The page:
You will be assigned a Personal Tutor, who is able to advise you on academic and pastoral matters in a confidential and informal manner. Personal Tutors meet with you regularly to discuss progress and provide advice and guidance, and are available for consultation at other times as needed. Opportunities for you to reflect on your abilities and performance are made available through a structured programme of Personal Development Planning and through scheduled meetings with Personal Tutors.

How will I be assessed?

Modules are assessed by various methods, including coursework essays, written reports, source criticisms, critical reviews, examinations, class tests and oral presentations.

Coursework and examinations are used not only for assessment purposes but also as a means of developing your capacities to gather, organise, evaluate and deploy relevant information and ideas from a variety of sources in reasoned arguments.  Assessment, including coursework, exams, and oral presentations, will test the different skills you have learned. 

Progression is built into assessment, in that you will do smaller guided tasks in Year One, as well as formative essays in Years Two and Three. Progression is also evident in the growing emphasis on lengthier, independent work culminating in an optional 10,000-word dissertation in Year Three.  Final Year modules also demand deeper engagement with independent methods of working, together with greater demands on handling critically a larger number of bibliographical tasks and items.

The format of the assessed work for the second-year Independent Study is chosen by the student; possible formats include an extended essay, a piece of creative writing, sample pages from a book or magazine, a teachers’ pack, a film, or a reconstruction drawing or model.

Feedback:

You will receive written and oral feedback from module tutors on your assessed course work. Each student is allocated with a personal tutor who you will meet with regularly throughout the year to discuss your personal development. Every member of staff has weekly office hours advertising when they are available for students to drop in for further support.

Students receive written feedback and a one-to-one tutorial on all their coursework assessments, and oral feedback on assessed presentations, seminar and practical work, and fieldwork. They also receive oral and written feedback from their supervisor on preparatory work and drafts for the Independent Study and Dissertation. Individual written feedback is provided for exams, as well as a general report on the performance of the class as a whole.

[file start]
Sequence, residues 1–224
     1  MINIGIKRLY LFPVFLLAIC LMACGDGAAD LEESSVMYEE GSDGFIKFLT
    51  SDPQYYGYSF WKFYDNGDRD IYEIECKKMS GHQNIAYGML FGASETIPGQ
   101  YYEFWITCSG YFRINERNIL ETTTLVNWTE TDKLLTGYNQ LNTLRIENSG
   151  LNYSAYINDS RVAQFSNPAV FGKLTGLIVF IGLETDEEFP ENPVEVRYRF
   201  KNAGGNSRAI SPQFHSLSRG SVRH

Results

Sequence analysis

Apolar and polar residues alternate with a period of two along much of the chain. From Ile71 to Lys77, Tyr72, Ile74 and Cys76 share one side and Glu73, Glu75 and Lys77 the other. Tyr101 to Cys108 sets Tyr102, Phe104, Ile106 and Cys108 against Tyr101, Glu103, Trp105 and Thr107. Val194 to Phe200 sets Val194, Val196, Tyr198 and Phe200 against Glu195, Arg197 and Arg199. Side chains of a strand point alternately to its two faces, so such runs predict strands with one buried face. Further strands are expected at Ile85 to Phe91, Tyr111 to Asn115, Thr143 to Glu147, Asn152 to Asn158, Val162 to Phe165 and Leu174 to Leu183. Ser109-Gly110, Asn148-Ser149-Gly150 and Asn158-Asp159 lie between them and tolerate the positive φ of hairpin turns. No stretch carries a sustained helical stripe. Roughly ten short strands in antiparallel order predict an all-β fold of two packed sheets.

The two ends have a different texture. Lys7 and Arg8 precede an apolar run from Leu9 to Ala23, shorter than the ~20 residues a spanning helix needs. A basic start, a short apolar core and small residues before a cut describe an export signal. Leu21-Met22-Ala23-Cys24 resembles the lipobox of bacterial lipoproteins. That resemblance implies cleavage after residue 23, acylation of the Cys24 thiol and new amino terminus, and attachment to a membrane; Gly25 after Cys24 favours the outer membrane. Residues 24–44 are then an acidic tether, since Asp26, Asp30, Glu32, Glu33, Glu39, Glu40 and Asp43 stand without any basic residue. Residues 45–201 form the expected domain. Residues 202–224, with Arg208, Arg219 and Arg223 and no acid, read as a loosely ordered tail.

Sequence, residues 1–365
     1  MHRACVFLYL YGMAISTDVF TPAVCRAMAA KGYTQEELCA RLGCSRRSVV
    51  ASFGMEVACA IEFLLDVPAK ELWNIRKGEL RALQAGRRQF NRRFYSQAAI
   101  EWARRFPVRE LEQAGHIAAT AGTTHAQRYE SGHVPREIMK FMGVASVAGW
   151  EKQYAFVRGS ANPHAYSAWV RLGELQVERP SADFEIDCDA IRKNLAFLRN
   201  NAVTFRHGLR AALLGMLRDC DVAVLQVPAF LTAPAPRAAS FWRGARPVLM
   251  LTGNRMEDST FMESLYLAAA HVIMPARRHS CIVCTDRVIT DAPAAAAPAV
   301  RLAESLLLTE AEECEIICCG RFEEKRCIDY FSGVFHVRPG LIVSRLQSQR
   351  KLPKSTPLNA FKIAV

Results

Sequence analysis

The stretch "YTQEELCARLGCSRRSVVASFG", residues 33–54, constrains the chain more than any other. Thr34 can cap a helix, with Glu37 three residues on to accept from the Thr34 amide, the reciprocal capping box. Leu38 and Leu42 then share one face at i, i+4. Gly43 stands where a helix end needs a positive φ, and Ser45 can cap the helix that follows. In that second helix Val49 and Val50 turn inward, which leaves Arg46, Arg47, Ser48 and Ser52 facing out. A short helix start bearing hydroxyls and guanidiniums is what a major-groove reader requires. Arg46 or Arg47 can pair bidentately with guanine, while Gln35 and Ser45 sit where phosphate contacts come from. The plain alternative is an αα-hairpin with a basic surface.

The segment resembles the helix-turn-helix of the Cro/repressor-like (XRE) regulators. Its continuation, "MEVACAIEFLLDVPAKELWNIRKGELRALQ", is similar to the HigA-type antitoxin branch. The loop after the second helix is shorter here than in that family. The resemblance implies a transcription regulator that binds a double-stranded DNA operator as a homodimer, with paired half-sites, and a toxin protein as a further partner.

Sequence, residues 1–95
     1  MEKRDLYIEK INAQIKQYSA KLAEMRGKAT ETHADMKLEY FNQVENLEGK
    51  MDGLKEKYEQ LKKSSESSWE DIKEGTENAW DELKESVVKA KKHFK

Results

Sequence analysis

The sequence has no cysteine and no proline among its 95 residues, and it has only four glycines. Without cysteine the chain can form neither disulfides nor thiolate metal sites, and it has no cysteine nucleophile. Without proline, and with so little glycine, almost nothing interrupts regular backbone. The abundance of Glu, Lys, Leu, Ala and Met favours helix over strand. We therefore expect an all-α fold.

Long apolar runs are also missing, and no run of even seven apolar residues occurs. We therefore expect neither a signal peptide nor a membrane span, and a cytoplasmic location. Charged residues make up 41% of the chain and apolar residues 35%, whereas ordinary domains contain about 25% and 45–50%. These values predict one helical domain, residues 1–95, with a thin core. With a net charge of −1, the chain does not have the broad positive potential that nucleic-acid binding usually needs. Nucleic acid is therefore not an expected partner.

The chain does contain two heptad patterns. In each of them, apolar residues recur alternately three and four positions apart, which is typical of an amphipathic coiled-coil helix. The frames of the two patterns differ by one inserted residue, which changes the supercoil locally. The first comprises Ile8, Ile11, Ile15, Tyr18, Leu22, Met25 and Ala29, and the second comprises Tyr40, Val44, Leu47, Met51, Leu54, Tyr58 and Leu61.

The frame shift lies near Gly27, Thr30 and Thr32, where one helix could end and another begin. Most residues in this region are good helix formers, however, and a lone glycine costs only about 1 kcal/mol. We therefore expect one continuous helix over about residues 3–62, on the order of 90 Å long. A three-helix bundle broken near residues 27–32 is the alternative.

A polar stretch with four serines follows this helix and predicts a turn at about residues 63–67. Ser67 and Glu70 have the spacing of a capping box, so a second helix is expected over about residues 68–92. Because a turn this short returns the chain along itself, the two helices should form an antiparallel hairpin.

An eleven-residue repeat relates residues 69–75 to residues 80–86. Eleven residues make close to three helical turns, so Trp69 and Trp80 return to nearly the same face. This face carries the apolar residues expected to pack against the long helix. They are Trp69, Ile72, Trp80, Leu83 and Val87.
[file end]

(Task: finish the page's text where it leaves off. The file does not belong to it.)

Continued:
What skills will I practise and develop?

The BA Archaeology and Ancient History degree combines practical and research skills and encourages students to develop a range of discipline-specific skills that employer’s value. Students learn to assess critically a body of knowledge, to develop hypotheses, test them against qualitative and quantitative evidence, and present conclusions both in writing and orally. They learn to work both independently and as part of a team.

Students will acquire and develop a range of essential transferable and discipline-specific skills, including:

  • intellectual skills - such as critical thinking, reasoning, assimilating and summarising complex information and ideas, analysing and evaluating evidence, critiquing interpretations or arguments, coping with uncertain or incomplete data, constructing arguments based on evidence, and presenting them effectively in writing and in debate;
  • employability skills - such as effective communication through written reports and oral presentations, contributing to group discussions, working independently and in teams, using IT resources effectively, and time management;
  • enterprise skills - such as creativity (practised especially in the Independent Study project), problem-solving, initiative, and independent thinking;
  • research skills - (developed especially in the Independent Study and Dissertation): defining a project, formulating research questions, locating relevant information, and presenting the results in an oral presentation and an extended written report;